Japanese Prime Minister Masayoshi Ohira yesterday told key congressmen that Japan's global trade account had slipped into deficit by about $1 billion in the first 20 days of April, while its surplus with the U.S. had been narrowed to a mere $100 million.
Administration sources shrug these figures off as relatively meaningless. "I assure you it won't last," one U.S. official said.
Last year, Japan's trade surplus with the world was about $26 billion, approximately half of it with the United States. These large deficits have been the source of increasing tensions between Japan and its Western world customers.
Ohira conceded that "the big question" is whether this turnaround in Japanese surpluses is temporary, or whether "the momentum will be maintained." But in meetings on Capitol Hill and with the administration officials, he reiterated a pledge to take actions to restore a better balance in U.S.-Japn economic relations.
Moreover, Ohira won the applause of members of the House Ways and Means Committee and the Senate Finance Committee by saying bluntly he understood the political pressures that have pushed some congressmen into favoring protectionist steps against Japan.
Ohira was quoted as saying: "I recognize that the anxiety of your nation over large Japanese surpluses can be translated into protectionist sentiment.
"If I were an American congressman, and were faced with that kind of imbalance, I would support an import surcharge (against Japanese goods), too."
Ohira's open acknowledgement of the reality of the problems between Japan and the United States was also warmly received at a Blair House breakfast he hosted for Treasury Secretary W. Michael Blumenthal and other high U.S. officials.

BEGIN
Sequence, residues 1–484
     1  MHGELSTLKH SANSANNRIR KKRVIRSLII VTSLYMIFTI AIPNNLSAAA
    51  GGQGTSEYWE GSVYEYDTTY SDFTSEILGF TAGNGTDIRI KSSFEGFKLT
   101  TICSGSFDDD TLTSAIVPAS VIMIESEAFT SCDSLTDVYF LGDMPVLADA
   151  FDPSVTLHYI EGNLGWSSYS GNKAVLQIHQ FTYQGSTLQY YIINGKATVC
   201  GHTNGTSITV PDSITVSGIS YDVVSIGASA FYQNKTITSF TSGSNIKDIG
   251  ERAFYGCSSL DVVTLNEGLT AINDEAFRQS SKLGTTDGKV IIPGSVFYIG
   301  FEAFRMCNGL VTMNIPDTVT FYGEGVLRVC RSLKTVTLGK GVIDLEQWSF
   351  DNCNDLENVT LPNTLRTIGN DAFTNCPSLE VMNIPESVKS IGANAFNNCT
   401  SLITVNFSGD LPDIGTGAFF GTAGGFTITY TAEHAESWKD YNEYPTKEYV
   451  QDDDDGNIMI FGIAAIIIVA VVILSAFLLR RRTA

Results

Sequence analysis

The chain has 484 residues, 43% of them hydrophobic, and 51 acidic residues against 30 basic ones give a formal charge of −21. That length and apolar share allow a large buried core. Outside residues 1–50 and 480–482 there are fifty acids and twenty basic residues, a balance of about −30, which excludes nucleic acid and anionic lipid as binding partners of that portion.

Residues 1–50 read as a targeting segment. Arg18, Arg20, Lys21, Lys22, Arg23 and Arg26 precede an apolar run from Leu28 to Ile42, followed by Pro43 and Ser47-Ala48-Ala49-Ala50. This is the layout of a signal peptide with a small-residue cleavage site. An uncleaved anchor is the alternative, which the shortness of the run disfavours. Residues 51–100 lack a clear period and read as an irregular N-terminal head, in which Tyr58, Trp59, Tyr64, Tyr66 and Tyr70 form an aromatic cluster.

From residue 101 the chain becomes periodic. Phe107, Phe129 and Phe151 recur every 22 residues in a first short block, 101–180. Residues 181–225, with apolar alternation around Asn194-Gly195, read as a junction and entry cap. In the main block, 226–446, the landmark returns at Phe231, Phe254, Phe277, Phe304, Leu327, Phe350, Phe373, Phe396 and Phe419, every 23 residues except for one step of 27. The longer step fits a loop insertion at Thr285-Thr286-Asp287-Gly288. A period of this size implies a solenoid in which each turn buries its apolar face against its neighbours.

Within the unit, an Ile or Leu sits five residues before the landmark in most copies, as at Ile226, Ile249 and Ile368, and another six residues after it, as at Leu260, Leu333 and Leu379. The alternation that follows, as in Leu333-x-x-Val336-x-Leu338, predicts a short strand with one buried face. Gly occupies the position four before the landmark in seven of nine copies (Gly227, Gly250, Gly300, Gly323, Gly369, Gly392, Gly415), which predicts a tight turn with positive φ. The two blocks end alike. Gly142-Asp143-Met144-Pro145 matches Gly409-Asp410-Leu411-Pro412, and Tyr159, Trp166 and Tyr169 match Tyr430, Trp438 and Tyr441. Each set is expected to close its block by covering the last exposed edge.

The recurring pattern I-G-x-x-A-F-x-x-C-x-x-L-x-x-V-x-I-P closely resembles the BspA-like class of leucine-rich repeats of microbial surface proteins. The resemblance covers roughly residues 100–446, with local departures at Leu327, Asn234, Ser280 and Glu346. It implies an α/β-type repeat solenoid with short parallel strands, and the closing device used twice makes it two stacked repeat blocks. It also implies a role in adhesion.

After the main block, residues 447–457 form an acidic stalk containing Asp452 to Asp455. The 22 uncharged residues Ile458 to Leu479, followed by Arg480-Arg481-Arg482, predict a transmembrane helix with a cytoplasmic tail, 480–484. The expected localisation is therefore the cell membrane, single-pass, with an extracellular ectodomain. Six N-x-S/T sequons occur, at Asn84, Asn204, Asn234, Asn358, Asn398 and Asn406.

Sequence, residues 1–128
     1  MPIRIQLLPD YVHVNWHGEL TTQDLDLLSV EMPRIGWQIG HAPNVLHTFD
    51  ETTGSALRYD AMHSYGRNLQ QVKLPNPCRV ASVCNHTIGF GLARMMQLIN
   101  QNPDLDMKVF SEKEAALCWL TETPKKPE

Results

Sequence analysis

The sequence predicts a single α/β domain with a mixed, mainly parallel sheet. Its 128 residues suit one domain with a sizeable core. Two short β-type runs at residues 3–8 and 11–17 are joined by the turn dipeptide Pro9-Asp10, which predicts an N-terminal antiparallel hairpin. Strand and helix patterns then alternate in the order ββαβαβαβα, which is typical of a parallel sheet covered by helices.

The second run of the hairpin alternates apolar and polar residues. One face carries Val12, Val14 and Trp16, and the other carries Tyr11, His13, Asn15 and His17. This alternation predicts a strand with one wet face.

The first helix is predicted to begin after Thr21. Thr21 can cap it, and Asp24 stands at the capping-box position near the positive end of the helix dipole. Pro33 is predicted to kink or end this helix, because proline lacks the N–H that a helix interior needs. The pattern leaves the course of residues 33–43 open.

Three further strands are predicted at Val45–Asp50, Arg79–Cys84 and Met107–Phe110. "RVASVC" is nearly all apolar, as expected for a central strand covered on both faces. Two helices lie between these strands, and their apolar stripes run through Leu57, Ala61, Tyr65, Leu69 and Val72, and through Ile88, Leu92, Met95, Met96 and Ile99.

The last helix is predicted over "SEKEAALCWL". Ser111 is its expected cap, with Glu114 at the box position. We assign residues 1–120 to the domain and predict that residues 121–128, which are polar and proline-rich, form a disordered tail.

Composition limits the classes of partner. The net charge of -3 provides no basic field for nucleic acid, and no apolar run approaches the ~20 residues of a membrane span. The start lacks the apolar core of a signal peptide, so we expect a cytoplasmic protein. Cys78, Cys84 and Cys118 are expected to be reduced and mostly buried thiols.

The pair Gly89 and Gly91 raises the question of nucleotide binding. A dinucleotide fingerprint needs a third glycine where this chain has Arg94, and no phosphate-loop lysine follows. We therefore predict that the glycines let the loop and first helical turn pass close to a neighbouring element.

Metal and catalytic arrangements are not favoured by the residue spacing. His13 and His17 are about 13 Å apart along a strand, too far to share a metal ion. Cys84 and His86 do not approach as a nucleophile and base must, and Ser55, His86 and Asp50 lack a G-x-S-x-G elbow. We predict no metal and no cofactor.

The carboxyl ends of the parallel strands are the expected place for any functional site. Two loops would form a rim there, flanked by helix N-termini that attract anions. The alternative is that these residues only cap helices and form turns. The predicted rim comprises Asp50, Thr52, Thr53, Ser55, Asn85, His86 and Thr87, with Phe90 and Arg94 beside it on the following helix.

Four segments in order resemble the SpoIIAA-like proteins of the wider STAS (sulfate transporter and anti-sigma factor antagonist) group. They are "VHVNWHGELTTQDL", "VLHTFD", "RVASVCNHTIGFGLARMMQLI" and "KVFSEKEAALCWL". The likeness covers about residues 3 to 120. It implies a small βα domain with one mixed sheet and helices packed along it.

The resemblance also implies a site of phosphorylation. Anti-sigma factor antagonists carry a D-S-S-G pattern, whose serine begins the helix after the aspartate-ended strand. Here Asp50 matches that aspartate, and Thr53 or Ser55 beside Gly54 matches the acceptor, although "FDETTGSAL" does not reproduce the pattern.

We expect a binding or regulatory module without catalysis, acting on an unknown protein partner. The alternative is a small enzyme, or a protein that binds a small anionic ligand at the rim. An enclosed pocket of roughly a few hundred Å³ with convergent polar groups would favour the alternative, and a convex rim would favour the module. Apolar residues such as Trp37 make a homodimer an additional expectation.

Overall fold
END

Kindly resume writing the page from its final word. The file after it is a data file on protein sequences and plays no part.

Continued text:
Rep. James Jones (D-Okla.), chairman of a Ways and Means Subcommitee on trade, said after the meeting withe the Japanese prime minister that "the protectionist sentiment is still there."
But Jones added that "we were really pleasantly surprised by the full extent of his understanding not only of the economic issues, but of our political problems. I think that there is new hope and optimism that the problems will be solved."
Jones, however, warned Ohira that the problem relating to procurement by the Nippon Telephone and Telegraph Co. "had to be solved." He also brought up a new problem, relating to the semi-conductor industry.
As in other electronics industries, Jones said, the Japanese strategy is to protect their own semi-conductor market while pouring large amounts of money into research and development. "Then, when the R & D has delivered for them, they explode onto the world market." Ohira pledged to look into the matter.
Participants at the Blair House breakfast agreed that the most significant step forward in this week's talks is that under Ohira, the Japanese accept the reality of the ecnomic problem instead of denying its existence. But Ohira warned the Americans that it will take time to bring Japanese public opinion along.
Both at the breakfast meeting and in response to a question after a speech to the National Press Club, Ohira expressed concern over the recent drop in the exchange rate of the Japanese yen.
Since last November, the Japanese yen has depreciated about 20 percent against the dollar, partially reversing the trend which had made Japanese goods more expensive in world markets, thus reducing the Japanese trade surplus.
He said at the Press Club that Japan had hoped to keep the Japanese yen around 200 to the dollar. But recently, the yen has been much cheaper around 224 to the dollar.
"We can't remain with folded arms if the situation continues as it is," Ohira said. He added that international cooperation is needed to stabilize the yen, but did not give specifics.
Ohira delivered his speech to the Press Club in English, to the appreciation of a large audience. He pledged not only to work for "a more open and freer world trading system," but promised to "emphasize enchancement of the quality of our people's lives, particulary the improvement, of public and social-welfare facilities."
Ohira leaves Washington today for a one-day stay in New York, followed by a day in Los Angeles Saturday. He returns to Japan on Sunday. CAPTION: Picture, From left, Rep. Rhodes, Prime Minister Ohira, Rep. Zablocki and Speaker O'Neil at House hearing yesterday. By James K. W. Atherton-The Washington Post